Compassion and the Voice of the Tormentor

I'd like to share some personal thoughts on the nature of the Hearing Voices group method, and the insights that this kind of support generates. Through these groups, a tradition of mutual healing is being created that honors subjective experiences, and sharing our stories with each other in this way propels this exciting movement forward.

The First “Working To Recovery” Camp: June, 2015

About a year ago, my partner Ron Coleman said to me "let's have a recovery camp." I said "what’s one of those?" and he said "I'm not sure, but let's invent it." And so, from June 7th to 12th 2015, we created a community of recovery for a week. The next step is to create communities of recovery around the world — not just as temporary camps, but long-lasting oases within our communities.

“I Did Psychedelic First Aid at a Festival in Costa Rica”

-Eamon Armstrong describes the Zendo Project, and his own experience providing support for people taking psychedelic drugs.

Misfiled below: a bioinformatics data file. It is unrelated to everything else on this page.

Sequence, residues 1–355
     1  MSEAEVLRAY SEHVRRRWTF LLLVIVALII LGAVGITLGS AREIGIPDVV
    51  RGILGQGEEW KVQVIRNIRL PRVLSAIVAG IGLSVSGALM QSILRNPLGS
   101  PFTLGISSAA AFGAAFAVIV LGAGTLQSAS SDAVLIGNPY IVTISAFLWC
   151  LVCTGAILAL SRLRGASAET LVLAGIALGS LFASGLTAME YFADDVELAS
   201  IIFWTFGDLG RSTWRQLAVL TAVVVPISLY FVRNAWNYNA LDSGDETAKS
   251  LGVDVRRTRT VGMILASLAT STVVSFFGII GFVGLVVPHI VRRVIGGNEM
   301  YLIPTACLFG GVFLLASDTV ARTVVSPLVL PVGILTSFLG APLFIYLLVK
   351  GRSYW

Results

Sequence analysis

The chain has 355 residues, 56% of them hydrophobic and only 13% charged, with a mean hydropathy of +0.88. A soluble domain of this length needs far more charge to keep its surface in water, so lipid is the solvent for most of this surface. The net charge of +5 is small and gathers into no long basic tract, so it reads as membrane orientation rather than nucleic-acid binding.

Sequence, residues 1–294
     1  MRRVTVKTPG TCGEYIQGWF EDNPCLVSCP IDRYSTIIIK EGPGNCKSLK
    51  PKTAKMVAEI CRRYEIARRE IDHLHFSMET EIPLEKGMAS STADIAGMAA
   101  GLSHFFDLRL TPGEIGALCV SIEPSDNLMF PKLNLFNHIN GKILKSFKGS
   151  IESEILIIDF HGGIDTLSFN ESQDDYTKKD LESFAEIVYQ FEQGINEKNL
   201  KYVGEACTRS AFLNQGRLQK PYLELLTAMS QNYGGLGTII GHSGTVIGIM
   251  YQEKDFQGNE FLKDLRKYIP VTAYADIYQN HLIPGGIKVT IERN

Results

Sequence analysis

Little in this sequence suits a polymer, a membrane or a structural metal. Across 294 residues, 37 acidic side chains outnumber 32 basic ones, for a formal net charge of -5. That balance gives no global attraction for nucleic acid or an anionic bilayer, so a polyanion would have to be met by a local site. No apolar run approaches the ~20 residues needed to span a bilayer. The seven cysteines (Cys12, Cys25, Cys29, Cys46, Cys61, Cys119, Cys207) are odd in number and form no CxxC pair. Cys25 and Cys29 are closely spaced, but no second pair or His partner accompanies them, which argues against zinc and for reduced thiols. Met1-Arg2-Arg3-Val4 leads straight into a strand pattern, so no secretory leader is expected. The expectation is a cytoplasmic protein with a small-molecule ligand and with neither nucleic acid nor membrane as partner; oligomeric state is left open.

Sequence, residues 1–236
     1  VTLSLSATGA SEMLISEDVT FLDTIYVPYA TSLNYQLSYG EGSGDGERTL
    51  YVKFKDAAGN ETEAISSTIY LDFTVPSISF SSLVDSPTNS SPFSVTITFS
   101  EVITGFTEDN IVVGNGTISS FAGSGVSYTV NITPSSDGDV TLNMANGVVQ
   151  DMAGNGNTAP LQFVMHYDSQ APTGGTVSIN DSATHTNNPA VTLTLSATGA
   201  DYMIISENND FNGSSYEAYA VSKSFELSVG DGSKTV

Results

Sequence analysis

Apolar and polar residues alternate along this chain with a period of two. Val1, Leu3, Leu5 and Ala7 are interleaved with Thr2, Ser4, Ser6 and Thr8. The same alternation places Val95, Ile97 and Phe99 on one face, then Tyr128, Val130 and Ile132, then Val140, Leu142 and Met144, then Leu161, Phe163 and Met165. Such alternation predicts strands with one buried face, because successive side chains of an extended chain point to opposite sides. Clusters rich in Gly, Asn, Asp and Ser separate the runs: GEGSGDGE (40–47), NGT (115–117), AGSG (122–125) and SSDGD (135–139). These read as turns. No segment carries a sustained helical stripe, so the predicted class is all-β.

Peer-to-peer App for Stress, Depression, Anxiety Support

-A peer-to-peer application that trains people to consult with each other reportedly produced positive results for reducing stress, depression and anxiety.

Fighting for the RLCs Continued: Where’s the Evidence?

The Western Mass Recovery Learning Community (along with the five other RLCs across the state of Massachusetts) remains in jeopardy of a 50% slash to our budget that would go into effect July 1, 2015 should it come to pass. As noted in my previous post (Peer Supports Under Siege), the proposed reduction was introduced by Governor Charlie Baker in early March. However, there are many hoops to jump through and so we’ll remain in budget limbo for some time to come while the House and Senate draw up their own recommendations and then everyone comes together to make a final call.